Sunday, June 22, 2008

Fauna of Field Camp (Or, Nerdy Moments in Field Camp)

A few great moments in field camp so far:

Standing atop an oyster bed at 7500 feet with a 500+ foot drop behind me!

Lunching in the Midas Mine.

The Dump Chief. Oh the SMELL.


Acme. Fencing.

Wishing we could swim in the reservoir!

Roadkill at the end of a long mapping day.

(Reposted photo) These are not the drinking shoes.

Field Camp Flora

Some shots I've been collecting for the last couple of weeks from some of our mapping areas. More posts to follow in different categories.

Sunday, June 15, 2008

Nevada, ho! (heheheheh)

Off to Nevada for more mapping and some mine tours. Back in four days, I think?

(We don't know many of the finer details of this mission - like what we're doing in terms of food, etc.)

Saturday, June 14, 2008

Too tired to make a real post tonight . . .

Zebra leg
My next real post is going to be amazing. I've been gathering material for it for several days.
Our "day off" will be spent driving to Nevada.
I like mapping . . . a lot. Who knew.
Laundry. Mmmmm.

Wednesday, June 11, 2008

Back from the field on time today! Today was part 1 of a two day field mapping project. The only comment I will make about it is that agates are present in the Quaternary wash. No surprise, since we were finding them in southern Utah washes back in March, but still cool to come across.

Still haven't mailed myself the shots from my cell phone, but here are a few other fun pictures from the last three days!

This is the Chateau Apres. Hoity-toity-sounding name, no? This has been the site of the Wasatch-Uinta field camp for about 40 years now, and according to the directors, hasn't changed much in that time. It's in very good condition and considerably more modest than most of the places around here. Food's pretty decent as well. We carry sandwiches into the field, and one must be downstairs by 6:20 am to get the sandwiches you prefer!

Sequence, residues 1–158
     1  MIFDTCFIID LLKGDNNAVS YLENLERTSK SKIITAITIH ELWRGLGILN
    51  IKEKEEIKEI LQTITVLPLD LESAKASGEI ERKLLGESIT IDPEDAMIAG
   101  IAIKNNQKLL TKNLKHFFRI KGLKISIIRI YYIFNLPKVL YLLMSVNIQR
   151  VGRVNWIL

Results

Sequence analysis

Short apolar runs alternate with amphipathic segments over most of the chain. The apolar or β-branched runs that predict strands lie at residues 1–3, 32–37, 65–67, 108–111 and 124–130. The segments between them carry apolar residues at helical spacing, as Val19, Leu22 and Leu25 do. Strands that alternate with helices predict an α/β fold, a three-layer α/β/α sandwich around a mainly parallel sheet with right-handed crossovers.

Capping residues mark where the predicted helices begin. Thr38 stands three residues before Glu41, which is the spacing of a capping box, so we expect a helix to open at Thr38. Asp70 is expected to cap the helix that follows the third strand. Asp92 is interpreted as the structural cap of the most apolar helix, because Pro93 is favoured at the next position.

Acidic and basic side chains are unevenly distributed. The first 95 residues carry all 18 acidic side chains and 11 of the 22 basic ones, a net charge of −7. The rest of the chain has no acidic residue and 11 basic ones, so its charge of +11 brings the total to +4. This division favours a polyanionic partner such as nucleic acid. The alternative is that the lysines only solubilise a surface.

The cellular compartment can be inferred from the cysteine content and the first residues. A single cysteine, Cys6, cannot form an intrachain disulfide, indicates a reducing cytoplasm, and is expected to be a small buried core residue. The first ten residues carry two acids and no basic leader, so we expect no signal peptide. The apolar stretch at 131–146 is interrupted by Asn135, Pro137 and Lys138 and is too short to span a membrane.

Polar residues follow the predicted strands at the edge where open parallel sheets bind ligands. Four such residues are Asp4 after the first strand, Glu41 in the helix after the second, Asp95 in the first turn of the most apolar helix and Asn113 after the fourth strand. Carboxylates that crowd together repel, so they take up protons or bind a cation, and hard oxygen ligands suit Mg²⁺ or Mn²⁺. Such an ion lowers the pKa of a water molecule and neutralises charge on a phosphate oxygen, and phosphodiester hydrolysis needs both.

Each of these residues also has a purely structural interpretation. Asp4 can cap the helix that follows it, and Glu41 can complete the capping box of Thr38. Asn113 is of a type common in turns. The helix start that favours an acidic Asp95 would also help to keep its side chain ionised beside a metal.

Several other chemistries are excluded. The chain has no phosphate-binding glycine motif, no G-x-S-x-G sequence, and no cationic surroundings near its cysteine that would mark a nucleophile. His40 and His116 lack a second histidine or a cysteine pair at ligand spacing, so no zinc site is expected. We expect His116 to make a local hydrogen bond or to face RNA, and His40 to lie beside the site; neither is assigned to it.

This was taken at about 10000 feet. I'm estimating, so for all I know I'm 1000 ft off one way or the other. This is looking back toward SLC and Park City. This is from Empire Pass.

Huge oysters in Jurassic age sandstones. Frontier Fm. This one is about 9 inches long and apparently these get up to one foot long! That's some serious aphrodisiac.

This was making everyone nervous yesterday. We had the cold air mass that produced the snow this morning forming those clouds and a decent amount of rain for the climate here, and there were heading directly for us. The system was producing strong, chilly headwinds that were pretty much cancelling out any warmth we were getting from the sun at that point (a considerable amount!).

Just a neat shot during a break from today's mapping.

Stinky boot garden after our triumphant return!


This is one of the first things I saw today. It's 6:30 am here and it's 34 degrees out.

. . . Welcome to Utah.

Tuesday, June 10, 2008

Short Post Today